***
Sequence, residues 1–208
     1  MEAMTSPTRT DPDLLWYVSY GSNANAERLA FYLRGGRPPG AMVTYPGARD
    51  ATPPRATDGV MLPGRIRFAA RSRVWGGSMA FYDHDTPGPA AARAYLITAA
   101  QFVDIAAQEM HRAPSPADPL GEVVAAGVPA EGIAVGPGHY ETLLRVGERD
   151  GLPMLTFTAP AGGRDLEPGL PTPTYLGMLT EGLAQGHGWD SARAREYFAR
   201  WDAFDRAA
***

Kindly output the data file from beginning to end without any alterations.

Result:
Sequence, residues 1–208
     1  MEAMTSPTRT DPDLLWYVSY GSNANAERLA FYLRGGRPPG AMVTYPGARD
    51  ATPPRATDGV MLPGRIRFAA RSRVWGGSMA FYDHDTPGPA AARAYLITAA
   101  QFVDIAAQEM HRAPSPADPL GEVVAAGVPA EGIAVGPGHY ETLLRVGERD
   151  GLPMLTFTAP AGGRDLEPGL PTPTYLGMLT EGLAQGHGWD SARAREYFAR
   201  WDAFDRAA